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The Editors blog

An inside look at what’s happening within the pharma industry and across the PMGroup from the PMLiVE editorial team

Effort and impact: pharma CSR

Measuring the results of corporate social responsibility

If the notion of corporate social responsibility (CSR) was widely denounced as mere window-dressing when it first entered business terminology in the 1960s and 70s, it has since matured into a much more defined and integral pillar in most companies' business models.

Whether this involves a company's efforts to reduce its carbon emissions and water consumption, its support for impoverished communities or the provision of much needed vaccines to sub-Saharan Africa, CSR is now taken much more seriously.

The pharmaceutical industry is no different. For example, the UK arm of Boehringer Ingelheim has been organising fundraising activities for the children's charity Barnardo's since 2001; GlaxoSmithKline (GSK) has been running the African Malaria Partnership; and Johnson & Johnson has developed its Earthwards process in order to reduce its overall environmental impact.

But such efforts, regardless of how important and commendable, have been dealt a blow following the recent release of Vertigo Ventures' VV-Good Index, which looked not at reports of sustainable efforts within the industry, but rather the evidence of impact of specific policies.

The report ranked the 10 largest global pharmaceutical companies according to the impact of their environmental, social and financial performance. In first place was Merck, followed by GSK, J&J, Abbott, Bayer, AstraZeneca, Novartis, Sanofi, Roche and then Pfizer.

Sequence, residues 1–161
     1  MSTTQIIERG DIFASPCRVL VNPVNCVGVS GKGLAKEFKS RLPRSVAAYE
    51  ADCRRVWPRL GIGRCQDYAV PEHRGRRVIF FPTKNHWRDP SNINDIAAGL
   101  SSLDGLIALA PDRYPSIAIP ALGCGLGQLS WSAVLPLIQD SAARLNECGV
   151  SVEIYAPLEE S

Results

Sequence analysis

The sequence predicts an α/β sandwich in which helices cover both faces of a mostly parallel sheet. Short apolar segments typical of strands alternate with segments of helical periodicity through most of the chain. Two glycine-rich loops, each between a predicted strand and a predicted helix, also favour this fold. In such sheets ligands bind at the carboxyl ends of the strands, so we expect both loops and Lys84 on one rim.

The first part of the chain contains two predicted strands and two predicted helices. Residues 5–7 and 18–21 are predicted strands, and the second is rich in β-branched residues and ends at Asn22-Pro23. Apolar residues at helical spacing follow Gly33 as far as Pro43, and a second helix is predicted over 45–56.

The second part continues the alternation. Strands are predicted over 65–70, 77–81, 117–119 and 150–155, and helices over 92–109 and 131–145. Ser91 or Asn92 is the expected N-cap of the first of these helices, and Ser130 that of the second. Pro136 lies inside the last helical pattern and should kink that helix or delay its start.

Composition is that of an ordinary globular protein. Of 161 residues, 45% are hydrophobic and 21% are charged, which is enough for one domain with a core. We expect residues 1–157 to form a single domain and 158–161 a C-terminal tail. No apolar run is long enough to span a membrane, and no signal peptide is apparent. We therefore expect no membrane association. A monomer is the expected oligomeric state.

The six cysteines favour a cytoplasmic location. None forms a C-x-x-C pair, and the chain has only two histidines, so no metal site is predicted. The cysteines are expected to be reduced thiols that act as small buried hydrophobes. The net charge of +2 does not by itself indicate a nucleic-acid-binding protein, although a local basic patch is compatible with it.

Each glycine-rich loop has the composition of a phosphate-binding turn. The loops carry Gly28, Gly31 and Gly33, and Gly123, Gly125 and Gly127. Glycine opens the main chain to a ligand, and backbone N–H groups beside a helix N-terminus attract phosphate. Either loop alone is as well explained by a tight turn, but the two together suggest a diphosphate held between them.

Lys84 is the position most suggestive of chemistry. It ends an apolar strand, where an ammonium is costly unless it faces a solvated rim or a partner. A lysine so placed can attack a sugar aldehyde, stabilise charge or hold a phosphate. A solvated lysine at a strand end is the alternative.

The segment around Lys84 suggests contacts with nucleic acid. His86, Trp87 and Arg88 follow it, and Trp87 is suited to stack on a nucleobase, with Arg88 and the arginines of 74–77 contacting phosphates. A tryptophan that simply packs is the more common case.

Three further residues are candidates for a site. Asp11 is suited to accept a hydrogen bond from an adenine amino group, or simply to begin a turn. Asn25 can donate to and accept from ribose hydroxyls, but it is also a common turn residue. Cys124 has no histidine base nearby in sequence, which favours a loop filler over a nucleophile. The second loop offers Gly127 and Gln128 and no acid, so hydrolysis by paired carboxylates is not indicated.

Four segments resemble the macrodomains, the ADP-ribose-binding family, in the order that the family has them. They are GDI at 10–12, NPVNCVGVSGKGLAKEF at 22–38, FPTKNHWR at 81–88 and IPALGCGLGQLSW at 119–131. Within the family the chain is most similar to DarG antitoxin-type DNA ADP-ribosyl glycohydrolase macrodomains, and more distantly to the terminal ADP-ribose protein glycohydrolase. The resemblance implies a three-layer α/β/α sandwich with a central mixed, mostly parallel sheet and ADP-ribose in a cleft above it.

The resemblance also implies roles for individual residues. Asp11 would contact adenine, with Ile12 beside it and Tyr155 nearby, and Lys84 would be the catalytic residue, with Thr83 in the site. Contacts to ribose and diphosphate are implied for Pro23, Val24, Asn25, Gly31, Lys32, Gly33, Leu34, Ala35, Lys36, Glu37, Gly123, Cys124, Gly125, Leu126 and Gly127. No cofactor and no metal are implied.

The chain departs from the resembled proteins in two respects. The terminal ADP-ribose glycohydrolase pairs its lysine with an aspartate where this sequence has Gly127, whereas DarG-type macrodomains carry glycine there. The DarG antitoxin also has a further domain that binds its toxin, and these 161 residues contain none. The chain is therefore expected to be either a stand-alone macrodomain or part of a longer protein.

However, Vertigo Ventures said their overall impact remained low, suggesting impact reporting in the sector still has a long way to go.

But the point to note here is not that industry's efforts are having little impact, but that it just isn't doing enough to follow up on these actions to determine the level of impact it is having.

We live in a world obsessed with big data and market research, and this industry knows instinctively how to track results and determine efficacy, so apply this practice to CSR. We all know the significance of the threats of global warming and we all recognise the ethical necessity of helping those that need it most, but these actions need to be measured and assessed too!

This blog post first appeared as the Editor's comment in PME May 2013

Article by
David Stone

is editor of PME and Communiqué

23rd May 2013

From: Marketing

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